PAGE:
International Funded Partners
Since 1970, the Presbyterian Committee on the Self-Development of People has been a partner in grassroots projects around the world that seek to improve the lives of poor and underserved people. Our mission has been, and continues to be, a God-inspired work “toward the self-development of economically poor, oppressed and disadvantaged people who own, control and benefit directly” from such projects.
As situations in 1970 directed concerned people to launch the SDOP ministry, so situations in 2006 directed concerned people to re-examine the nature of that work and its methods. Spreading funds thinly across the world no longer seemed effective. In 2006 SDOP determined it was time to become more focused and proactive in responding to the plight of people living in poverty. From 2006 to 2010 the ministry established long-term, committed and focused relationships with community groups in the Dominican Republic; during that same time, partnerships were establish with intermediary partners in different parts of the world who work directly with communities of economically poor, oppressed and disadvantaged people. Using the SDOP criteria, they established partnerships in their region. In 2010 SDOP moved its focused funding from the Dominican Republic to Belize. An intermediary partnership was established in the Dominican Republic with CE-Mujer to continue the work of SDOP. In 2013 SDOP established an intermediary partnership with the Presbyterian Church of Rwanda.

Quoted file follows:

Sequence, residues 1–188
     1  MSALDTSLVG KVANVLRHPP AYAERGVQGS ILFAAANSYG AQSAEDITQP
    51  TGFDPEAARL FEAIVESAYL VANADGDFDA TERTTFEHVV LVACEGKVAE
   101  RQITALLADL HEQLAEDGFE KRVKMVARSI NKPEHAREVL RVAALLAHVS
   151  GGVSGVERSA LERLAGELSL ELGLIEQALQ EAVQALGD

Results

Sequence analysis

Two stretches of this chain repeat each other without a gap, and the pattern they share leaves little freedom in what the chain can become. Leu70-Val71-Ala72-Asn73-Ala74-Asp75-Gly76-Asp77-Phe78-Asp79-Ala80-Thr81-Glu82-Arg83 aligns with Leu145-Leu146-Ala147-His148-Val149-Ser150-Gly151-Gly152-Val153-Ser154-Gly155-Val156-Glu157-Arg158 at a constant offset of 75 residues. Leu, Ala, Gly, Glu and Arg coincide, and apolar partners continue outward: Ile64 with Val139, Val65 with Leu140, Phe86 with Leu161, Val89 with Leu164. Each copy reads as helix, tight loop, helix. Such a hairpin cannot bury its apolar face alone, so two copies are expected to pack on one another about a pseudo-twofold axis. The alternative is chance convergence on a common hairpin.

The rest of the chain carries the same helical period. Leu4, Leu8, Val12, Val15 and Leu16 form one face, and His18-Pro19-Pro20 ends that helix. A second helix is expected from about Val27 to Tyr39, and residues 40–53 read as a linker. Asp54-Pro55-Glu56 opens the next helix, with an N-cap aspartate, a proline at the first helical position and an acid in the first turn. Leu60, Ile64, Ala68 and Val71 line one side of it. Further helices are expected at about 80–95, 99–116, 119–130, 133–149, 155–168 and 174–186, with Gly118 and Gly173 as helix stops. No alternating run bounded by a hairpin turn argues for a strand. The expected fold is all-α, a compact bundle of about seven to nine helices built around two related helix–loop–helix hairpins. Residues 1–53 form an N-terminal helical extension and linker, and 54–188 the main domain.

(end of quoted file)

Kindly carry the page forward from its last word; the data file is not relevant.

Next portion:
Panama and other partnerships in Guatemala and Nicaragua
The Presbyterian Committee on the Self-Development of People (SDOP) National Committee has been working in Panama since 2017. SDOP has established several partnerships with economically poor grassroots groups in these years.
Panama is a country in Central America, bordered by Costa Rica to the west, Colombia to the southeast, the Caribbean Sea to the north and the Pacific Ocean to the south. The capital and largest city is Panama City, its metropolitan area is home to nearly half the country’s 4 million people. It is a country of contrasts and inequalities.
Fifty percent of the population in Panama is poor. The economic inequality between urban and rural areas is extraordinary. There is a huge contrast between the richest and poorest people. The wealth of the country is not well distributed.